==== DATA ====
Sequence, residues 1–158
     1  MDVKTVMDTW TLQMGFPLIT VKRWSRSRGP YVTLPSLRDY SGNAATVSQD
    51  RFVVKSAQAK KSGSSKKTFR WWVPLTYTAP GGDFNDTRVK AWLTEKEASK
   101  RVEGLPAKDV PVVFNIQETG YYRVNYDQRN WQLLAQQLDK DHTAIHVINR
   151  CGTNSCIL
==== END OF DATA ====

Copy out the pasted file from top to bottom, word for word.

Sequence, residues 1–158
     1  MDVKTVMDTW TLQMGFPLIT VKRWSRSRGP YVTLPSLRDY SGNAATVSQD
    51  RFVVKSAQAK KSGSSKKTFR WWVPLTYTAP GGDFNDTRVK AWLTEKEASK
   101  RVEGLPAKDV PVVFNIQETG YYRVNYDQRN WQLLAQQLDK DHTAIHVINR
   151  CGTNSCIL